Category Archives: Technology

A Brief History of the Perception of Time

Lately there seems to be a lot of buzz about librarians getting into data science-type roles, and mastery of creating infographics is becoming a hot skill. While standard office programs like Excel and PowerPoint have basic chart tools, they are very institutional in presentation. With so much data out there, being able to capture it in an engaging visual is important. Infographics are taking over statistical reporting everywhere from cost of living around the world to how to keep food fresh in your fridge.

Last year at a Research Staff meeting, a coworker brought up the use of a free* infographics tool called Canva, which she heard about at a law library conference. As a bit of a graphic design nerd, I hopped on to create an account and play around. They have a lot of free layouts and sizes for various print and social media posting, and a decent sized art library. I personally did not find it difficult to navigate, but I have experience using programs such as Photoshop and Illustrator. However, I would say anyone with any basic image editing experience will not experience a steep learning curve. But for those of us who are used to all the bells and whistles of Photoshop and Illustrator…don’t get excited. You will find what you can do with this application more limited.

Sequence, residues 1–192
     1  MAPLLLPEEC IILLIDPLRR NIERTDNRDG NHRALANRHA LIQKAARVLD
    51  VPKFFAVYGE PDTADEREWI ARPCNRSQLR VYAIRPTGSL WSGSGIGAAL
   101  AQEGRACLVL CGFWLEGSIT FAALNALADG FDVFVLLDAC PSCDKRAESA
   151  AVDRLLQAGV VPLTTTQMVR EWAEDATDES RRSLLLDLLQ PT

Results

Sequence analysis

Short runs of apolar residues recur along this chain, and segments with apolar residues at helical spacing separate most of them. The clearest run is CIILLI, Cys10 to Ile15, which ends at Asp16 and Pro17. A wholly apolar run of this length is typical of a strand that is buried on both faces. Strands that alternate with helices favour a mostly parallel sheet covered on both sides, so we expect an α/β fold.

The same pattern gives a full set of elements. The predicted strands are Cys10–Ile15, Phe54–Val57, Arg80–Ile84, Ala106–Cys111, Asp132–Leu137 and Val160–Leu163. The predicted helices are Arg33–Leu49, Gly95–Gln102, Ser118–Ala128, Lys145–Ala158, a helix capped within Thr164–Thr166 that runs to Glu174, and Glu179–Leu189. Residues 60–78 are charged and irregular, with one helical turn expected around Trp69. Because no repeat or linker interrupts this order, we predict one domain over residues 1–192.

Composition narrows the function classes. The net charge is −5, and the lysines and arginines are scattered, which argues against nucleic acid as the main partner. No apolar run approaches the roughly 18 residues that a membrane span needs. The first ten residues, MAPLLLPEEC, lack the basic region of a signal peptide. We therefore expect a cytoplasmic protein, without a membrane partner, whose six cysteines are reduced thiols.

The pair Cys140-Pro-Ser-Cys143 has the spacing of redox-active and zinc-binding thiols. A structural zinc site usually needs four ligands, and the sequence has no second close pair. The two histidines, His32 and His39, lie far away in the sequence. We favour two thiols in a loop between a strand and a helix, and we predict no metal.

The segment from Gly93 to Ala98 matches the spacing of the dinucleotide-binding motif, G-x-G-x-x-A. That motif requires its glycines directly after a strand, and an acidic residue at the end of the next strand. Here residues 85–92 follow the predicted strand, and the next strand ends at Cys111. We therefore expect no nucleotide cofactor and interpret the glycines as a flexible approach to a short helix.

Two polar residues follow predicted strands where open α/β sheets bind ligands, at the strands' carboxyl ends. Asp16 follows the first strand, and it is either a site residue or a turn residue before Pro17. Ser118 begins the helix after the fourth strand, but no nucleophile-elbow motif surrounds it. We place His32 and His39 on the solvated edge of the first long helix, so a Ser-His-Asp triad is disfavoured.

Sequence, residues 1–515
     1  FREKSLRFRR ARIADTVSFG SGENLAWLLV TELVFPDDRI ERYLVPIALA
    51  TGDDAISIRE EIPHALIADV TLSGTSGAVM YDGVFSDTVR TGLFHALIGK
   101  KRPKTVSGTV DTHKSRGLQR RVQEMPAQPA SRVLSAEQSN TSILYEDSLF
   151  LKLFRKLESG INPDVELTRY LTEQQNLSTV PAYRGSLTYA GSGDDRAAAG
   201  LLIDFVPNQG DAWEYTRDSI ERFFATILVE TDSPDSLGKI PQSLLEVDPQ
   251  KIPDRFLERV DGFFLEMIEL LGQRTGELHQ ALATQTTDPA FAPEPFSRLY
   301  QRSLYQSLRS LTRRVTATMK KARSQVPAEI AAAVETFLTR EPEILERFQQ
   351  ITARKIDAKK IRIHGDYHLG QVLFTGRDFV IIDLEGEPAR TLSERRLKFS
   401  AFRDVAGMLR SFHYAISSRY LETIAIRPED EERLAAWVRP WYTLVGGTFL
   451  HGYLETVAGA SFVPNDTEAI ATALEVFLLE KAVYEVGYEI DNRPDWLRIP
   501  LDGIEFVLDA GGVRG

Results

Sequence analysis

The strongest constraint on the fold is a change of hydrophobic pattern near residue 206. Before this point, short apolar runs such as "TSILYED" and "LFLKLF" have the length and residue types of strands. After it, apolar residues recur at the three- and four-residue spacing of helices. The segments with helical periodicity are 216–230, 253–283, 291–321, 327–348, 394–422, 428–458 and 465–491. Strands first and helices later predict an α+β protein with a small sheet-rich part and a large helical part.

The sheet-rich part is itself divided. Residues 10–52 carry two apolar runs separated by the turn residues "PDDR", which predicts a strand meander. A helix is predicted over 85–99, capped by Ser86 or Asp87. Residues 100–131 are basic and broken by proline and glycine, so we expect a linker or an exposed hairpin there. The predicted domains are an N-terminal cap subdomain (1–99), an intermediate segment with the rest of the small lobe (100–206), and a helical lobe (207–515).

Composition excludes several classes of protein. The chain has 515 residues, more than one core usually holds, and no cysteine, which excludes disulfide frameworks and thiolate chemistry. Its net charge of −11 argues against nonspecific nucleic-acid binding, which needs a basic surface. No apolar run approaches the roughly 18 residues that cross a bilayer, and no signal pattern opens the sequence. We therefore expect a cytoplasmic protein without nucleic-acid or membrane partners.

I thought Canva would be perfect to illustrate a comic idea that I’ve had in my head for a while. You know how some things just seem to drag while other things seem to go by in a blink of an eye, irrespective of the actual amount of time? Waiting at the bus stop for five minutes feels like torture, while you wonder where two days of weekend went (all you have to do is turn around on Friday and then you see Monday again). So…I plotted it all out on this graph.

Click to read
Click for full size image

Maybe you can relate to some of these, maybe you can’t. Like it says…time is relative.

Granted, it still took me a while to do, but having the pre-set library of graphics made it a lot easier than trying to create this thing in Illustrator from scratch. I am sure serious designers would think I am cheating, but…who has time for that ;-)?

*Layouts or graphics that do not state they are Free on them have an extra charge.

How to Train a Cat To Use the Toilet

For my Java class, our first assignment is to write out a list of instructions for simple everyday tasks, keeping in mind all of the contingency planning in case things go wrong. The idea is that a computer takes things very literally and will often not successfully complete a task since it cannot make an assumption.